<Awards and Nomination>
Official Selection – Toronto Film Festival
Official Selection – Venice Film Festival
European Film Festival – Nomination of Best Actress and
Director: Lukas Moodysson
Cast: Oksana Akinshina, Artyom Bogucharsky,
Lyubov Agapova, Liliya Shinkaryova
RunTime: 1 hr 30 mins
Released By: Cathay-Keris Films
Rating: M18 (Sexual Content)
Released Date: 8 December 2005
16 year-old Lilya lives in a poor and dreary suburb somewhere
in the former Soviet Union.
She dreams of a better life. Her mother has moved to the States
with a new man and Lilya is waiting to be sent for.
no letters or money arrive from her mother, it becomes obvious
that Lilya has been abandoned. She’s forced to move
into a tiny, run-down flat with no electricity or heating.
Heartbroken and without money, Lilya’s situation becomes
desperate. Her only friend is the 11 year-old boy Volodya,
who sometimes is allowed to sleep on her sofa. They hang around
together and fantasise to make life a little easier.
day, hope arrives when Lilya falls in love with Andrei. He
asks her to follow him to Sweden to start a new life. Little
Volodya is jealous and suspicious - but Lilya packs her bags.
Suddenly she´s sitting on a plane bound for Sweden not
knowing what will happen next…
Watching this film about the dejected youths from the former
Soviet bloc, and in particular, the tale of one young girl
who prostitutes herself, is hard to grapple with. You feel
the sense of isolation, the appeal for help, the desperation;
you want to reach out but you somehow can't, and this sense
of inability overwhelms you as the cycle continues.
film begins with really blaring loud music shutting out the
cries of a bewildered girl as a shaky camera follows behind,
before we are brought back 3 months to where it all began.
Lilya is a 16 year old girl who gets abandoned by her single
parent mother in order to follow her boyfriend to America.
Lilya was part of the emigration plan, but at the last moment,
finds out the truth behind the lies.
with any teenager, without proper parental guidance, she gets
involved with undesirable
characters - smoking, drinking, even sniffing glue, and even
had her best friend betray her integrity. Her aunt cheats
her out of her lush apartment in exchange for a dinghy, smelly
flat, and soon, she finds herself in dire straits as she has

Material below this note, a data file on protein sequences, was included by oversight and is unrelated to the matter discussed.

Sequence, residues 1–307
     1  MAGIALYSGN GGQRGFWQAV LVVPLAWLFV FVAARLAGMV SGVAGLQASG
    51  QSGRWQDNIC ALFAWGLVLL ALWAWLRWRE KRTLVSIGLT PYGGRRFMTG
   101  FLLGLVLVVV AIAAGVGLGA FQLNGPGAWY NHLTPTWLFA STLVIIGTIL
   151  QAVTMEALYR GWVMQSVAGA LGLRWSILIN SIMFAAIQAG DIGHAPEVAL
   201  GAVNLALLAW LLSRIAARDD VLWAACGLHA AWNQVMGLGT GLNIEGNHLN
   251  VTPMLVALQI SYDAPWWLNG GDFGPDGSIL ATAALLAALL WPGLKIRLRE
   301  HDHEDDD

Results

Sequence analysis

no money, and no job.
she pimps herself at a nightclub she regulars, and makes money
by selling her body. It's a shame really, that a beautiful
teenage girl had to resort to this to make ends meet. You
wonder about underaged sex, and the predators all round waiting
to pounce, but then again, wonder that she is fully aware
of her actions, and consented to having do this.
you might come to terms with the first act - willing seller,
willing buyer, cynically see it as a market transaction, the
second act brings a separate "how about" side, which
will, and should, incense every moral fibre in you. Befriended
by Andrei, she soon falls in love with him, and is smitten
by his plans for them to migrate to Sweden to live a better
life. He promised a job and a place to stay. Has she finally
met her knight in shining armour, who is whisking her away
to his castle on a white horse?
the one true angel in her life, is a young boy called Volodya.
They share similar
backgrounds in having their family members abandoning them,
and find themselves also being the outcasts amongst their
peers. They click well, because of Volodya's easy going nature,
and their sharing of dreams to make it out of the slums one
Andrei, Volodya smells a rat, and warns Lilya time and time
again that nothing is as good as it seems. But love does blind
oneself sometimes, and Lilya is to suffer the heartbreak of
another unfulfilled vow. The audience too, will feel the danger
looming, but can do absolutely nothing as Lilya reacts naively.
doubt that Lilya is no angel herself, but no teen deserves
the second act. While nothing too explicit is shown on screen,
it is still not easy watching them. The movie doesn't shove
the message down your throat with great might, it gets played
out in such a straight manner, you can't help but to sit up
and realize it, that it is just not right.
must go to Oksana Akinshina, the actress playing Lilya, for
bringing out the various emotions, and subtly giving Lilya
a sense of vulnerability beneath her tough exterior. Artyom
Bogucharsky, who plays Volodya, deserves mention too, for
being that rational young lad and exuding that wise demeanour
for an 11 year old.
in various film festivals worldwide, Lilya 4-ever is a grim
reminder about the plights of
children exploited in prostitution, that each have a story
to their current misery, which should not be used to have
them engaged in acts against their wishes. Their dreams and
aspirations for leading a better life, should not be used
as baits and having them turned into broken promises.
powerful drama highlighting the plights of sexually exploited
children - You will be
emotionally engaged, and enraged)
by Stefan Shih